In Kenya, more than 650,000 people are blind or visually impaired due to cataract. Many of these are children who are living in poverty, for whom the problem is especially dire.
Childhood cataract must be treated urgently because it can lead to irreversible blindness – even if help becomes available later in life. Brain development is usually complete around 10 years of age. During this developmental phase, the brain learns to process visual stimuli. If a child has poor vision throughout their childhood, their brain might never learn how to process stimuli – so even if a child gets help later in life, their sight may never be completely restored.
For Timothy, the deadline was approaching: at nine years old, his time was running out.
It was difficult to watch the way nine year old Timothy navigated the school day. During lessons, he’d stand at his teacher’s feet, inches from the blackboard. It was the only way he could make out what his teacher was writing. Back at his desk, he was lost, and could only keep up by copying work from those next to him.
Shy, withdrawn and anxious, Timothy was on a path to complete blindness.
Luckily, Timothy was diagnosed by Rono Rhoda, who was trained in ophthalmic nursing by The Fred Hollows Foundation. He was then referred to Dr Ollando, a paediatric eye surgeon also trained by The Foundation.
Before he decided on eye health, Dr. Ollando had a myriad of specialities to choose from, such as obstetrics, gynaecology, and surgery. But he chose opthalmology because he could see how great the need was. “Every time an eye patient came,” Dr. Ollando explained, “Nobody knew what to expect because at that point in time, we didn’t have a specialist. When it came to an eye patient, we were stuck.”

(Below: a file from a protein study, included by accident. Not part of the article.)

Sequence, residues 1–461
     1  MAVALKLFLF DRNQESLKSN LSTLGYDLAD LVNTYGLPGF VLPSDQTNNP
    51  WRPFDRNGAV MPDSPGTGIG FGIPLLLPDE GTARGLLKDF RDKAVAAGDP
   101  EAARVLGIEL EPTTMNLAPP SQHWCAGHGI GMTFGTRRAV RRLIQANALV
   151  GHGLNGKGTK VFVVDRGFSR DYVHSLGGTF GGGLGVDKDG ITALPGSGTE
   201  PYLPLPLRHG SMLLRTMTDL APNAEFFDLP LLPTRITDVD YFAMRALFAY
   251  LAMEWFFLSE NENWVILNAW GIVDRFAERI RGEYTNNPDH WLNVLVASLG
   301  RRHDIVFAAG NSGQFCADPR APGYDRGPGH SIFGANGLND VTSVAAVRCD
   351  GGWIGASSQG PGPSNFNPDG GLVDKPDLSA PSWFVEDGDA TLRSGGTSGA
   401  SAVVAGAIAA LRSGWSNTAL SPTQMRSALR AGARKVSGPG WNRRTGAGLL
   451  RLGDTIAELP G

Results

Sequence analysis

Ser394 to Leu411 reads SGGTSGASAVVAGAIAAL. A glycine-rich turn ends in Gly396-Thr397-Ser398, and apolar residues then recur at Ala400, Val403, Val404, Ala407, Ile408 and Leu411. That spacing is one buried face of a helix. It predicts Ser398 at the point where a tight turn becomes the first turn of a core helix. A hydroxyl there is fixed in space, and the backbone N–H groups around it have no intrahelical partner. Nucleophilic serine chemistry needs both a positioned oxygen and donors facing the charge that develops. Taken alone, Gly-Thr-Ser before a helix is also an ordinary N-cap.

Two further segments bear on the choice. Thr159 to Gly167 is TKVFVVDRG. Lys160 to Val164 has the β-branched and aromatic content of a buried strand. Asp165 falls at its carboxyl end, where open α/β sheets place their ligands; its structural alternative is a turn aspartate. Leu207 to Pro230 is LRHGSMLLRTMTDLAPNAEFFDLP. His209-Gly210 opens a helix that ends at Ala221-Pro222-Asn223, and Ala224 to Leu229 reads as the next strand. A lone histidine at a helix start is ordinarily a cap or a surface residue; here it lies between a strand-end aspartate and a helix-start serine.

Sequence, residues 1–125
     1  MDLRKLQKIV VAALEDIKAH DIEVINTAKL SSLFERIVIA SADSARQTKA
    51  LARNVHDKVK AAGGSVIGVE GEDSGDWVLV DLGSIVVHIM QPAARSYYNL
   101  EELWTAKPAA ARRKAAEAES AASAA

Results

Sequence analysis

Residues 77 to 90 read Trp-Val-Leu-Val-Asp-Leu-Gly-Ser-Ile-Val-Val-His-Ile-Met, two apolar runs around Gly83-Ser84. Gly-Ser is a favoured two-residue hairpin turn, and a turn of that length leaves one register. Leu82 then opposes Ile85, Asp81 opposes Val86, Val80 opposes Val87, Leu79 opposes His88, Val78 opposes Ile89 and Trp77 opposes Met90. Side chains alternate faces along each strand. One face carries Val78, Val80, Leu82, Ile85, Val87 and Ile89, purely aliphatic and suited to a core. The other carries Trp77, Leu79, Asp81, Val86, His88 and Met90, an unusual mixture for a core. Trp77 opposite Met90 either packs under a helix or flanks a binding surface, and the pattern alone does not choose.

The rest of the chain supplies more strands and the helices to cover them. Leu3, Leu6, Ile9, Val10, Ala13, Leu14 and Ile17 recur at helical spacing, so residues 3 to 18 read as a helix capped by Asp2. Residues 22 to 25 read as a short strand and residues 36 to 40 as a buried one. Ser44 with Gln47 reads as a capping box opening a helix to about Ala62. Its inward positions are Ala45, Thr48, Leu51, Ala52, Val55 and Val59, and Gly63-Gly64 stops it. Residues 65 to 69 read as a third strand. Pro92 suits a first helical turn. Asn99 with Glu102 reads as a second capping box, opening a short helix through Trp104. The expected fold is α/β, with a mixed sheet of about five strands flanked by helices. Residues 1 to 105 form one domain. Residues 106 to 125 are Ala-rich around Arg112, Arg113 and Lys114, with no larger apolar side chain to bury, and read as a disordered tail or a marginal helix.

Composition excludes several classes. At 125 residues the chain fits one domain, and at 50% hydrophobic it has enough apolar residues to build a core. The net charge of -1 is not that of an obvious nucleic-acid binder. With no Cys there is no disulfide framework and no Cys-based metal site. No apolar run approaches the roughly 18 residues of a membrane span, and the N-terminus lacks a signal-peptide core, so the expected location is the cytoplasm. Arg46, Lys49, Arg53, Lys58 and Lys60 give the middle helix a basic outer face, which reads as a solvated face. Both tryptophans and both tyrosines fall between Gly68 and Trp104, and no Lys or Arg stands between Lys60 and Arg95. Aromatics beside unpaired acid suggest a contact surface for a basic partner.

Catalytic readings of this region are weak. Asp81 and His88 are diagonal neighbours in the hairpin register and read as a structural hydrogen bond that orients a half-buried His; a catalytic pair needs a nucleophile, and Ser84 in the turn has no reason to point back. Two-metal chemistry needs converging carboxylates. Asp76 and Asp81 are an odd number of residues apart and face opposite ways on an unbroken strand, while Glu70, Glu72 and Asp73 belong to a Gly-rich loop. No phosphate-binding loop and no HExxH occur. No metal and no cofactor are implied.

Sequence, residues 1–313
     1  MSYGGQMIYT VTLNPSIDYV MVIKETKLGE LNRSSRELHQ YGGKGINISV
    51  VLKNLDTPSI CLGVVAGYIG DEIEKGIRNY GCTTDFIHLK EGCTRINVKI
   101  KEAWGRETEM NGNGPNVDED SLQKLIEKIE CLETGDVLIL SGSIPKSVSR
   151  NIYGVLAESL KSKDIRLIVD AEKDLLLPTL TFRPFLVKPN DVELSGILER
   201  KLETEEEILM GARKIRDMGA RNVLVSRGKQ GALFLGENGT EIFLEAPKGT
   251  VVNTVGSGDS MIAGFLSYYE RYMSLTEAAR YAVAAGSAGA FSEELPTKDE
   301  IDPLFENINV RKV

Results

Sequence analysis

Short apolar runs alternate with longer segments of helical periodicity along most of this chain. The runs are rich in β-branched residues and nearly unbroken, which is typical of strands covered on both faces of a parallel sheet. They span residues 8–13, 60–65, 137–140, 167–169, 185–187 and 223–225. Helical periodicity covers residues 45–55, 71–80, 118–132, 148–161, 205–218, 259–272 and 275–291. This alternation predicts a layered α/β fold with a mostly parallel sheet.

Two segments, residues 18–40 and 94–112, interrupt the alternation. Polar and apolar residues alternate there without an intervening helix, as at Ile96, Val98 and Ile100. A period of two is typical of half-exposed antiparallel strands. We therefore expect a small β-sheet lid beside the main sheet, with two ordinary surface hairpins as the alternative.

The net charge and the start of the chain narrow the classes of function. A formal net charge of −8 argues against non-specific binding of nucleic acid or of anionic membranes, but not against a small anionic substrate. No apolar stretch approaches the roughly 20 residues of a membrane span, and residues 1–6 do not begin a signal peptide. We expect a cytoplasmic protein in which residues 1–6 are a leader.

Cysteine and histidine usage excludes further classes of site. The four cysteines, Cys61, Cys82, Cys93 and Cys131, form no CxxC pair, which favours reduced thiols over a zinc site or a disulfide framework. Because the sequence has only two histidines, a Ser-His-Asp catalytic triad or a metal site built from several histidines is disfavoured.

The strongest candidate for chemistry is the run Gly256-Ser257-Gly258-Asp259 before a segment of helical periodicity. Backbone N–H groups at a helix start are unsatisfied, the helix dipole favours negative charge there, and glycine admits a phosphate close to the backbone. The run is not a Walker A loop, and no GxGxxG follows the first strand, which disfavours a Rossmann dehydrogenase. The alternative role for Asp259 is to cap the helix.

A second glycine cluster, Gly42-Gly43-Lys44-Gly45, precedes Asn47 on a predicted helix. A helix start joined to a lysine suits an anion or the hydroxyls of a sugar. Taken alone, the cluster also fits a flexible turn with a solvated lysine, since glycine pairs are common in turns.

Over the years, Kenya has worked to improve the health of its people. But eye health services still need work. One of the main issues is the lack of awareness about cataract blindness – particularly in poorer or remote communities.
This is part of the reason by Timothy’s parents, Symon and Miriam, didn’t understand Timothy’s condition and didn’t know there was a solution for it. Another fact is the shortage of healthcare workers specialising in eye health. Training people like Rono Rhoda and Dr Ollando will go a long way to addressing the lack of adequate eye care for so many Kenyans like Timothy.
The years leading up to Timothy’s surgery were long and painful. But the removal of his cataracts happened in 20 minutes. During the surgery, his father Symon anxiously waited outside the operating theatre. Symon knew how valuable this surgery was, but he was confused. Why would an Australian organisation – and Australian people – go to all this trouble to help his son?
When the moment came for Timothy to remove his eye patch, he showed polite Kenyan restraint, unsure of displaying too much emotion in front of elders.
It didn’t last long. Symon couldn’t hide his joy and Timothy couldn’t hide his elation. And that high five between them is the reason we – and our incredible donors – do what we do.
Without better funding and access to eye care services, the number of people who are blind worldwide will triple from 36 million to 115 million by 2050. As Dr. Ollando observes, “By not intervening, it means a whole lot of inconveniences in life: it means a much poorer socio-economic status, it means low self-esteem, it means many wrong things that should be corrected as soon as possible.”